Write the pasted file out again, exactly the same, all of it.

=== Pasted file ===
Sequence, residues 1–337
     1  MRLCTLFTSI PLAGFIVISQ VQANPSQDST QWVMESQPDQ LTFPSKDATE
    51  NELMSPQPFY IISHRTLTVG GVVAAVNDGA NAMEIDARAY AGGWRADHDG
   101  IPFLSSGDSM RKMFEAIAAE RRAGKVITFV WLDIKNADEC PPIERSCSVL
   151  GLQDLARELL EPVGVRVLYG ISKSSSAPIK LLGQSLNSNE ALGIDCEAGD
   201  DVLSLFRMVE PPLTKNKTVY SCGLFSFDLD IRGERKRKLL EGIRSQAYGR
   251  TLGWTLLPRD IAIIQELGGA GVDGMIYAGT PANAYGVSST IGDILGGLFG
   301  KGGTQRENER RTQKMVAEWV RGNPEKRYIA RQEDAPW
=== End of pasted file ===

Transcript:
Sequence, residues 1–337
     1  MRLCTLFTSI PLAGFIVISQ VQANPSQDST QWVMESQPDQ LTFPSKDATE
    51  NELMSPQPFY IISHRTLTVG GVVAAVNDGA NAMEIDARAY AGGWRADHDG
   101  IPFLSSGDSM RKMFEAIAAE RRAGKVITFV WLDIKNADEC PPIERSCSVL
   151  GLQDLARELL EPVGVRVLYG ISKSSSAPIK LLGQSLNSNE ALGIDCEAGD
   201  DVLSLFRMVE PPLTKNKTVY SCGLFSFDLD IRGERKRKLL EGIRSQAYGR
   251  TLGWTLLPRD IAIIQELGGA GVDGMIYAGT PANAYGVSST IGDILGGLFG
   301  KGGTQRENER RTQKMVAEWV RGNPEKRYIA RQEDAPW